• The guidance on adaptation recognizes the adaptation needs of developing countries and is built on the overarching principle of Common but Differentiated Responsibilities and Respective Capabilities (CBDR-RC). The differentiation has been operationalized by incorporating provisions on providing support for adaption activities of developing country parties.
  • The guidance on finance provisions operationalizes the obligation of developed countries in providing means of implementation to developing countries and recognizes the need for climate finance to be new and additional and climate specific. Parties have also agreed to initiate the work on setting up the new collective finance goals post-2020 from the floor of USD 100 billion.
  • The overarching framework for technology recognizes the need for enhanced support towards operationalization of the framework and comprehensively covers all stages of technology development and transfer.
  • The modalities for Global Stocktake take into consideration the core principles of equity and include assessment of collective progress on all the pillars of climate action.

Talanoa Dialogue and Action Before 2020

  • The Fiji-led Talanoa Dialogue, a year-long inclusive dialogue around ambition as it relates to the Paris Agreement, concluded at COP24, with the Global warming of 1.5C report by the Intergovernmental Panel on Climate Change (IPCC) as a major input.
  • The final High-Level session in Katowice resulted in the Talanoa Call for Action, which calls upon all countries and stakeholders to act with urgency.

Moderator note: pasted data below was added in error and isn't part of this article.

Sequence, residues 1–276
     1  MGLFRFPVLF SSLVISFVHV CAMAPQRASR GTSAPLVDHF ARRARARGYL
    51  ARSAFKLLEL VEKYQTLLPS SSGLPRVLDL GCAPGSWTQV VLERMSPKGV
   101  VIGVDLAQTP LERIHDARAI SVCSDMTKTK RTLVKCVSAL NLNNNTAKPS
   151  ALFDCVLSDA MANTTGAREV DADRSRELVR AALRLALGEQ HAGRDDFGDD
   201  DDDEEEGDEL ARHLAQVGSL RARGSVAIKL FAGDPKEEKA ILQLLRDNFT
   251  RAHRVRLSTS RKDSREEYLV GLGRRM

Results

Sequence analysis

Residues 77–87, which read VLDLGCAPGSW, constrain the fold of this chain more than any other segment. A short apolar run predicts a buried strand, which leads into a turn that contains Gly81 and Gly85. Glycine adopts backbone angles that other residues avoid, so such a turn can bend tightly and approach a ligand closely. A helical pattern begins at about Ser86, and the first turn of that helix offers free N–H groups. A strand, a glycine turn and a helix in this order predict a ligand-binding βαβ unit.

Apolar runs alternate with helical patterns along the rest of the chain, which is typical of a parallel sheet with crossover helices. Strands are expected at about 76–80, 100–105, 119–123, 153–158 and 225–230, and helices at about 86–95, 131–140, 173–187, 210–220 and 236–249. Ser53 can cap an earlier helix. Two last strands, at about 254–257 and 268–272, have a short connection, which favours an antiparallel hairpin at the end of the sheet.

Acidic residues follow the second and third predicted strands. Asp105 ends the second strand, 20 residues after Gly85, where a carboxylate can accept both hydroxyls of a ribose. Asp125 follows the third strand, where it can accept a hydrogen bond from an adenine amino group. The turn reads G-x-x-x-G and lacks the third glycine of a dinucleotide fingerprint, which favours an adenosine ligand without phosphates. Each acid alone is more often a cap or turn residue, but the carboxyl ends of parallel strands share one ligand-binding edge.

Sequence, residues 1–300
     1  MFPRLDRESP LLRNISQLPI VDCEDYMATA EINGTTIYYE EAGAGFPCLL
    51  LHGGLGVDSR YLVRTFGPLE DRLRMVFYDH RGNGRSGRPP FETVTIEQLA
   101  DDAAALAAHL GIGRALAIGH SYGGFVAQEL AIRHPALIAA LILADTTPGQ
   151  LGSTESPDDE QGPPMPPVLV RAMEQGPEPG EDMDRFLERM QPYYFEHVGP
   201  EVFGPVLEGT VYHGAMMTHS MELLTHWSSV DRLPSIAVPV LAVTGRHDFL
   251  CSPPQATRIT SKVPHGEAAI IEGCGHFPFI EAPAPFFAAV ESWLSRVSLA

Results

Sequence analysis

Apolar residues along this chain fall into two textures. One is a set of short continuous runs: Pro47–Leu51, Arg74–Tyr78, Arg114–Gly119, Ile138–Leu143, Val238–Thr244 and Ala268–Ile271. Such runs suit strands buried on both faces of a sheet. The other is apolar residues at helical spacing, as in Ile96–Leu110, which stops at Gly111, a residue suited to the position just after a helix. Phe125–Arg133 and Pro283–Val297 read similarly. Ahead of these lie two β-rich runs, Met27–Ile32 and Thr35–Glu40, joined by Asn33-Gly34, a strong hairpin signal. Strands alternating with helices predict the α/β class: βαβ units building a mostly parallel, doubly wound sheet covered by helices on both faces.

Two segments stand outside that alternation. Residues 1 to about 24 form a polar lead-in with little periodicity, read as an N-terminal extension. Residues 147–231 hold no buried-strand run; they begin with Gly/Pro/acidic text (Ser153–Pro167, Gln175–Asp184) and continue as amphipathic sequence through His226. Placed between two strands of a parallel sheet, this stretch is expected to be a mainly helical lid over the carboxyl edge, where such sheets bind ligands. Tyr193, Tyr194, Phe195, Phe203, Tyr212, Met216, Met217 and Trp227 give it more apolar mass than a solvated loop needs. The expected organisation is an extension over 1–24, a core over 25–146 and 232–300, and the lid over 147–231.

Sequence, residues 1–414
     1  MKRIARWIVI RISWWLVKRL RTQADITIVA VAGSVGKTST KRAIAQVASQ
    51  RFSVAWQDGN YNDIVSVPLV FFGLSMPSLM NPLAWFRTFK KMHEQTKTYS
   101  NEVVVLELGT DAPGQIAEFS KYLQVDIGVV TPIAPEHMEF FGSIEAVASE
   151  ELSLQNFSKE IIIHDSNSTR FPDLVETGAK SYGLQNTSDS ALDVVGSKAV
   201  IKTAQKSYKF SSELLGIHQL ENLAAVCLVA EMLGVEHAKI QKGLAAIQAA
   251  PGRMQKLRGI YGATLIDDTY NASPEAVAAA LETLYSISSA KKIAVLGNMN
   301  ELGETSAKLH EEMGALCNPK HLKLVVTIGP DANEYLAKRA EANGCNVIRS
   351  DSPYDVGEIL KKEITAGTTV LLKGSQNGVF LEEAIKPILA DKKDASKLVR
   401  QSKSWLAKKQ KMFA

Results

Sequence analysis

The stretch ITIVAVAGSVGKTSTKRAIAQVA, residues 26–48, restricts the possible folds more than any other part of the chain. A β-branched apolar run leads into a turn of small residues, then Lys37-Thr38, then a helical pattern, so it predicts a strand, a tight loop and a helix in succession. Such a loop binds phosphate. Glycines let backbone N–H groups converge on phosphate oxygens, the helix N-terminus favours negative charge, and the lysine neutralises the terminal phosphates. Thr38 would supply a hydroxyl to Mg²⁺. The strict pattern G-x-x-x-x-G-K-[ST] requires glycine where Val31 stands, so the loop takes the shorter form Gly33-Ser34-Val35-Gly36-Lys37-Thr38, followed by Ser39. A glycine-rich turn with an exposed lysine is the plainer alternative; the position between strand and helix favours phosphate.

• Countries are encouraged to factor the outcome of the dialogue into efforts to increase their ambition and to update their nationally determined contributions, which detail nations’ climate actions, in 2020.
  • A High-Level stock-taking of actions taken before 2020 gave countries the opportunity to assess their current level of ambition. Another stock-taking is planned for 2019.

India and COP24

  • India demonstrated the spirit of commitment and leadership during the COP-24 by reiterating its promise to implement the Paris Agreement in its spirit and to act collectively to address climate change. India engaged positively and constructively in all the negotiations while protecting India’s key interests including recognition of different starting points of developed and developing countries; flexibilities for developing countries and consideration of principles including equity and Common but Differentiated Responsibilities and Respective Capabilities (CBDR-RC).